Sal Cordova, Intelligent Design Blog a Hoax? John A. Davison Edition

December 30, 2007

I’ve already gloated over having two posts worth of material generated by Sal Cordova’s new Intelligent Design blog, Young Cosmos. But I’m starting to think that the entire site might be a clever hoax.

Case in point is this short post:

I would like to present John Davison’s website. He was a biology professor for 42 years and accepts Intelligent Design. He studied under some of the great ones like James Crow. He deserves a fair hearing.

Merry Christmas, John.

Seems inconspicuous enough, no? But the thing is, John A. Davison is, as far as I can tell, the retired Vermont U physiologist who ran for Governor of Vermont, at least in his own mind. And put simply, it’s very very difficult to read through Davison’s writings and history and not come away with the idea that he is very much a complete crackpot, calling into question anyone that claims to take him seriously.

An oft noted case in point are his previous blogs. And when I say previous blogs, I don’t mean that in the sense of one person writing on different blogs. I mean in the sense that Davison was so confused by the very concept of blogging that his “blogs” consisted of a single post each, followed by hundreds of follow up comments. The majority these were, in fact, Davison himself randomly updating his latest thoughts, periodically interrupted by a few passersby trying in vain to explain to Davison that you’re supposed to add new blog posts to update a blog, not simply endlessly reply to yourself in the comments.

This first outing was called Prescribed Evolution, which at last count has 883 comments, most of which end with Davison’s trademark exclamation “I love it so!” At some point, Davison declared (emphasis mine):

The original Prescribed Evolution blog got pretty cluttered so I am starting a new one. Hopefully I will be able to better manage this one than the original.

This, in fact, was to be the first and only post of his second blog, New Prescribed Evolution, now weighing in at 654 comments. This soon came to a close as well:

I am abandoning this blog with all its revealing comments about and by my many enemies. Don’t expect any further responses from me here.

I am opening a new blog with the tantalizing title – The end of evolution. Let’s see what kind of perverts that will attract.

I love it so!

It didn’t stop there either (the different blog title format of the third and all follow blogs was, by the way, almost certainly due to the fact that some jokester, recognizing the trend, registered “New New Prescribed Evolution” before Davison could get to it). But you get the long, sad picture.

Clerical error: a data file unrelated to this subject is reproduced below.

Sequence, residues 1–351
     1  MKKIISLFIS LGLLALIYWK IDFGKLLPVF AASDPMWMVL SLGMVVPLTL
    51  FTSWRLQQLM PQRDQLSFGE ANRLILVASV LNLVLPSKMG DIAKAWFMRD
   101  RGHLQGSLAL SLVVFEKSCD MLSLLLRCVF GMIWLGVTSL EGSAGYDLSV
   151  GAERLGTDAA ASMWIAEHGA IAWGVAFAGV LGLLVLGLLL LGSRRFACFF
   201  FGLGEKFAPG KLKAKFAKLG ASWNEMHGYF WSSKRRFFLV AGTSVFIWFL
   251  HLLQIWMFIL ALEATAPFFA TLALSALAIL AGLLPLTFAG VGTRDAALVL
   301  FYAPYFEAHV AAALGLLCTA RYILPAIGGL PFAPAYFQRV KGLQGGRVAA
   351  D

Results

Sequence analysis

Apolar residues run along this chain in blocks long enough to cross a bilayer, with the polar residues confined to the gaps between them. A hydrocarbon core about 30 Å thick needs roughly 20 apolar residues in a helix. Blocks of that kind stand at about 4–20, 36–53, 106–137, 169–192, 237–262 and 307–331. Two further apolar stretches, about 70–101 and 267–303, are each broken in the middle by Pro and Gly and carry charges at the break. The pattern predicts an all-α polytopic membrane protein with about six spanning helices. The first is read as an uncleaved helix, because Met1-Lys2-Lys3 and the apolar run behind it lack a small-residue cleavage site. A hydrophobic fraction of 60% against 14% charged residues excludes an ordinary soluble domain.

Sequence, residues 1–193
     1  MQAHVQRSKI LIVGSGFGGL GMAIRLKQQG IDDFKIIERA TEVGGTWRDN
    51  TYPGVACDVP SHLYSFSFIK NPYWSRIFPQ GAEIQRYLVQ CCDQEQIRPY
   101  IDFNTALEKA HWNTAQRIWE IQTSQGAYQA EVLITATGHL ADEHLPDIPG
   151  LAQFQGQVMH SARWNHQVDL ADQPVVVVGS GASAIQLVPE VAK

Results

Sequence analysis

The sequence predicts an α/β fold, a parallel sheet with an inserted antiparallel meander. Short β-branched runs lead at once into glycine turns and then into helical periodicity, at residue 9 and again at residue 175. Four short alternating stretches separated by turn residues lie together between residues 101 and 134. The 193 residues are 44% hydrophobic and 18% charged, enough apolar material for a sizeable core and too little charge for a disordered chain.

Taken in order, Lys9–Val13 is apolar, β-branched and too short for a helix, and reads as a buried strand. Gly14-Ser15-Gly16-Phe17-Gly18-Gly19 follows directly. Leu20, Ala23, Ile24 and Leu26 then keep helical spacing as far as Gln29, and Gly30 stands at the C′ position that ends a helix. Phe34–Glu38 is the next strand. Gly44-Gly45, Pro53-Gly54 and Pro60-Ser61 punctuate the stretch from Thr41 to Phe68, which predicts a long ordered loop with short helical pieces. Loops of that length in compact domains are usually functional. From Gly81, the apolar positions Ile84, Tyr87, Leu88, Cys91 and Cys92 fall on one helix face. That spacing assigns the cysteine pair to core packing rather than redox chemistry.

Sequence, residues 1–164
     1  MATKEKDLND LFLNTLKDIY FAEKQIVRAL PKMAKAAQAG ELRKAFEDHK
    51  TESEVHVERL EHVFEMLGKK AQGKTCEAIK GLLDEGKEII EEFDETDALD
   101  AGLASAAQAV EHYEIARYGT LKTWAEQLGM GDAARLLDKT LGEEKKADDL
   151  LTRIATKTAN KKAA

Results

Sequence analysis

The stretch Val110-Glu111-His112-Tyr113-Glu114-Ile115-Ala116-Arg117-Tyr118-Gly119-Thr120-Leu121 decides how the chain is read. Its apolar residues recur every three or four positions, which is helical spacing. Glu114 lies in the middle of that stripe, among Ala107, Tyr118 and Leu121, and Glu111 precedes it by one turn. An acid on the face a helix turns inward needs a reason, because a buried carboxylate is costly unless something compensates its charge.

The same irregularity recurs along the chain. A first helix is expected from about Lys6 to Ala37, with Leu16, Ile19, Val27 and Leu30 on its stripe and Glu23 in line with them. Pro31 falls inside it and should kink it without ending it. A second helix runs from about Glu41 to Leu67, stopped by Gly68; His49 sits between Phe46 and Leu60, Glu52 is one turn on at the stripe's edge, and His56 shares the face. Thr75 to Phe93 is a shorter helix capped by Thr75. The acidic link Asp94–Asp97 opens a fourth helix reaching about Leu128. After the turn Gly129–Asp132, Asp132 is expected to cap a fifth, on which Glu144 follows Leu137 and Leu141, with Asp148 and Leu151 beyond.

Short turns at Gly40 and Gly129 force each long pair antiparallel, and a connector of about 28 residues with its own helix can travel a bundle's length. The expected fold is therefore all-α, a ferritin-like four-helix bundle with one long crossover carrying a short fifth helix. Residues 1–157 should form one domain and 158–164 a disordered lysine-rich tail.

I’m generally not one for poisoning the well. I could try to go into some of Davison’s actual arguments against evolution (though that would be hampered by the fact that his writing style and lack of coherent organization is very very hard to make sense of what he’s even claiming). Normally I would. But if you spend any time reading through his “posts” (i.e. the comments), or catching sightings of his rambling comments at the Expelled! blog and elsewhere, I think you’ll come to the conclusion that going with the  “crackpot” label and leaving it at that is perfectly forgivable.

Then again, these many bizarre blogs could have been a clever caricature of a much savvier real-life Davison (though no one has ever admitted to it, nor has the real Davison has ever denied authorship). Of course, telling truth from parody would be much easier if the actual arguments weren’t so close to rambling parody of themselves to begin with. If these Intelligent Design blogs are really all just a put on, I still think I have a pretty good excuse as to how I got hoodwinked into thinking it was all for real.

Abstinence-Only Education As Applied to Loaded Guns

December 28, 2007


Sal Cordova, The Evolutionary Expert Who Thinks Fish Turn Into Cows

December 28, 2007

I can tell that newfound Intelligent Design blogger Sal Cordova is going to provide a rich vein of bad ideas. I’m set! Like many Intelligent Design blogs, Sal and pals over at Young Cosmos apparently cannot handle allowing critics open access to comment and respond to his claims, which just means more entertainment for you, the Bad Idea Blog reader, rather than me dividing my efforts elsewhere.

In this latest edition, let’s take a gander at what Sal’s picture of what evolution is:
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Sal Cordova, Young Earth Creationist, Used Car Salesman

December 27, 2007